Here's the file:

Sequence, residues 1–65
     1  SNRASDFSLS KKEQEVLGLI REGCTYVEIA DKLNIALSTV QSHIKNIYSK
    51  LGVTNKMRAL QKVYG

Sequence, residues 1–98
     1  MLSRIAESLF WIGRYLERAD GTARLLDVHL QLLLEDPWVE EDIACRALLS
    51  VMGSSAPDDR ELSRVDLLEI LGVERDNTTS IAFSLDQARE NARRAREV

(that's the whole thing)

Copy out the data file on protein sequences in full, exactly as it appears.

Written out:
Sequence, residues 1–65
     1  SNRASDFSLS KKEQEVLGLI REGCTYVEIA DKLNIALSTV QSHIKNIYSK
    51  LGVTNKMRAL QKVYG

Sequence, residues 1–98
     1  MLSRIAESLF WIGRYLERAD GTARLLDVHL QLLLEDPWVE EDIACRALLS
    51  VMGSSAPDDR ELSRVDLLEI LGVERDNTTS IAFSLDQARE NARRAREV